|Phyton-International Journal of Experimental Botany|
Effects of Exogenous α-Ketoglutaric Acid on 2-Acetyl-1-Pyrroline, Yield Formation and Grain Quality Characters of Aromatic Rice
1College of Agriculture, Yangtze University, Jingzhou, 434023, China
2National Selenium-Rich Product Quality Supervision and Inspection Center, Enshi, 434023, China
3Institute of Crop Science, Chinese Academy of Agricultural Sciences, Beijing, 100081, China
*Corresponding Authors: Jianlong Xu. Email: email@example.com; Jianqiang Zhu. Email: firstname.lastname@example.org
Received: 17 July 2020; Accepted: 25 August 2020
Abstract: The improvement of grain quality in aromatic rice is very important for farmer to increase their income. Present study was conducted with a two-year field experiment and three aromatic rice cultivars in order to study the effects of exogenous α-ketoglutaric acid on yield formation, grain quality characters and the biosynthesis of 2-acetyl-1-pyrroline (2-AP, key component of aromatic rice’s fragrance) in aromatic rice. At heading stage, 0.50 mmol L–1 (T1) and 1.00 mmol L–1 (T2) α-ketoglutaric acid solutions were overhead sprinkle to aromatic rice plants, respectively while the treatment which was overhead sprinkled with distilled water was set as control (CK). The results showed that 17.34%–33.04% and 21.39%–34.74% higher grain 2-AP contents were recorded in T1 and T2 treatments, respectively. Compared with CK, T1 and T2 treatments significantly reduced the transcript level of gene BADH2 which is related to the 2-AP biosynthesis in aromatic rice. 3.86%–7.51% higher grain protein contents and 1.15%–3.37% higher head rice rates were also recorded in α-ketoglutaric acid treatments than CK. Moreover, T1 and T2 treatments remarkably decreased the chalky rice rate, chalkiness and grain amylose content. However, there was no remarkable difference in grain yield and related trails (effective panicle number, grain number per panicle, seed-setting rate and 1000-grain weight) among CK, T1 and T2 treatments. In conclusion, application of exogenous α-ketoglutaric acid enhanced 2-AP biosynthesis and improved grain quality of aromatic rice.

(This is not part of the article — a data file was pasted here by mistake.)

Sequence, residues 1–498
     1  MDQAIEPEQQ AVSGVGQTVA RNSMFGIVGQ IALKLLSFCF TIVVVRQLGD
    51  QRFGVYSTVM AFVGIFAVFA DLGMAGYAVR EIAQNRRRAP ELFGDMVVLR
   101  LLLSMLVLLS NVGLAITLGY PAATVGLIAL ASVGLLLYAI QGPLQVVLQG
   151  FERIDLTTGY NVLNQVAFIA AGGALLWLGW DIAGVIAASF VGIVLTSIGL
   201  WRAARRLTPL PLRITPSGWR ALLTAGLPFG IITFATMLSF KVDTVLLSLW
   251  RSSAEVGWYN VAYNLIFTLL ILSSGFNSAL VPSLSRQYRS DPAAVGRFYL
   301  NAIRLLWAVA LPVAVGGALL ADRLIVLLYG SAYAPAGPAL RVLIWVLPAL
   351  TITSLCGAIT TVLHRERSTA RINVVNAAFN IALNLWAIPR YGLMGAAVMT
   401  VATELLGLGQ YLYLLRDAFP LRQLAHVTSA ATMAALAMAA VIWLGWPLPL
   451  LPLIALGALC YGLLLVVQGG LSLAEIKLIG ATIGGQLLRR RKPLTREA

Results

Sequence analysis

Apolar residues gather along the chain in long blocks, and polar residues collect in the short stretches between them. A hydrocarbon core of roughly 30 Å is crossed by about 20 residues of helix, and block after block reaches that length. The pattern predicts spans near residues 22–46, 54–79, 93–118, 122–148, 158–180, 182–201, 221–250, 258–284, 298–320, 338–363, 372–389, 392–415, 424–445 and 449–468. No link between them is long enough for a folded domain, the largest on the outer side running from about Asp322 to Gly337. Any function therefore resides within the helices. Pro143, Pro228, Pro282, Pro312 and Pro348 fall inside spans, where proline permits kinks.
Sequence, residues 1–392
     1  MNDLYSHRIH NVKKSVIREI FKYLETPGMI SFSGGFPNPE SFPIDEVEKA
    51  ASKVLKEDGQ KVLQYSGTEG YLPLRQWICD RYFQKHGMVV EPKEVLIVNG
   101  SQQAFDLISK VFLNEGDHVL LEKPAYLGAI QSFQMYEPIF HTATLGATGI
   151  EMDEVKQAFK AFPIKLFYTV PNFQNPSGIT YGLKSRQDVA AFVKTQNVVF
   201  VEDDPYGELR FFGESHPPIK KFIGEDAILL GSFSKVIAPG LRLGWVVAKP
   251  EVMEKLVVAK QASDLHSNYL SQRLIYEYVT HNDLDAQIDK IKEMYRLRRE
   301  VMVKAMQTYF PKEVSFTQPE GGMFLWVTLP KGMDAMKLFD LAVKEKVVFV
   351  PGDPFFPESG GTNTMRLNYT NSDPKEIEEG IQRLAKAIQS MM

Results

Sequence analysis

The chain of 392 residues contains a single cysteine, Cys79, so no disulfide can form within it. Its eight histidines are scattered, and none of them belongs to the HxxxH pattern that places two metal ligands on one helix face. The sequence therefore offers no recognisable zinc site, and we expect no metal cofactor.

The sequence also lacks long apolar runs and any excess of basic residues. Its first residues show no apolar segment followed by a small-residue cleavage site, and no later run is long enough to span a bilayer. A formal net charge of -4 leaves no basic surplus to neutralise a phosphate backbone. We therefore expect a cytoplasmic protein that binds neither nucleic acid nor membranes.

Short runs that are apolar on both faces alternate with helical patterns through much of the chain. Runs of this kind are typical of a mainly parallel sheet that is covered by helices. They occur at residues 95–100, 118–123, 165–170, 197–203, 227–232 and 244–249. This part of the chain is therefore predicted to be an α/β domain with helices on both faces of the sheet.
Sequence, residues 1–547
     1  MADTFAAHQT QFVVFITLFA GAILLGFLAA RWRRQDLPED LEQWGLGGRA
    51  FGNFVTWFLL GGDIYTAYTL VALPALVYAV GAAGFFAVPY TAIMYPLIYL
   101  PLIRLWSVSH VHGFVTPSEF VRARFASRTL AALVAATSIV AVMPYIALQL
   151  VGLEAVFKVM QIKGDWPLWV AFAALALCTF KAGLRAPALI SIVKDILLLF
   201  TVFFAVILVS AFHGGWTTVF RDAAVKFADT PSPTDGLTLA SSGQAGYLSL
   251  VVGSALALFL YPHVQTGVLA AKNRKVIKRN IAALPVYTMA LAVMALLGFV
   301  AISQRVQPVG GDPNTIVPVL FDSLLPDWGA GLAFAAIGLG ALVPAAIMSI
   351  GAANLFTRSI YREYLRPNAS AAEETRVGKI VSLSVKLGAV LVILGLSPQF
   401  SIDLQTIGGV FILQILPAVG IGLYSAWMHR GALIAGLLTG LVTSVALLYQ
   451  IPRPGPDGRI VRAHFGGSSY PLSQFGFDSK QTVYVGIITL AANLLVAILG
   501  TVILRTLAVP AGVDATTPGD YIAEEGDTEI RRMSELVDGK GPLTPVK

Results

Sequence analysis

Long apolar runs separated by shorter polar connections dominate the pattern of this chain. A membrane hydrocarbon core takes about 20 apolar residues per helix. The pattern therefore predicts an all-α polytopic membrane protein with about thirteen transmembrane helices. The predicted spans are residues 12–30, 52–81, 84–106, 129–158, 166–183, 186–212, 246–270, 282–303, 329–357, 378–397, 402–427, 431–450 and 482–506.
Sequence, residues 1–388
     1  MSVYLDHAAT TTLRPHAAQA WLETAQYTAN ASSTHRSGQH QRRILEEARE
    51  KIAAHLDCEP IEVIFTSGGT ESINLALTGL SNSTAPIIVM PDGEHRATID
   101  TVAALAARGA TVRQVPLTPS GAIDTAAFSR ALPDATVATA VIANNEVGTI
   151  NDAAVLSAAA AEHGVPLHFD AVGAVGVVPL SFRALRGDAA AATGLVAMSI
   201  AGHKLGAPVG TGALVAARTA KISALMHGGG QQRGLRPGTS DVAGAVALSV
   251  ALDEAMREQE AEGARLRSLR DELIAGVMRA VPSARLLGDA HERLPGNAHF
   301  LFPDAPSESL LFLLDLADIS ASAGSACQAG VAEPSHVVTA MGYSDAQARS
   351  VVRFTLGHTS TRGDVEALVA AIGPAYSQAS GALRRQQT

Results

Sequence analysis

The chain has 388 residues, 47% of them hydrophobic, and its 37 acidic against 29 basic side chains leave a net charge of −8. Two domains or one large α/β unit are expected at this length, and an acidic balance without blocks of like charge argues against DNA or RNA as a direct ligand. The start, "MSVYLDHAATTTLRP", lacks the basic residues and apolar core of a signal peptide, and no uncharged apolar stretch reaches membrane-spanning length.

Keywords: α-ketoglutaric acid; aromatic rice; chalkiness; protein; 2-acetyl-1-pyrroline
As a special type of rice for special aroma and great quality, aromatic rice is popular by people around the world. The compounds of the aroma in aromatic rice are very complicated and many studies have been conducted to identify them in the past. For example, Maraval et al.  determinated more than 100 volatile compounds in the aroma of aromatic rice. The research of Yang et al.  indicated that there might be 13 volatile compounds which contribute to the differences in aromatic rice aroma. In recent years, it has been established that 2-acetyl-1-pyrroline (2-AP) is the main flavour compound in aromatic rice cultivars which endows the characteristic roasted popcorn-like flavour .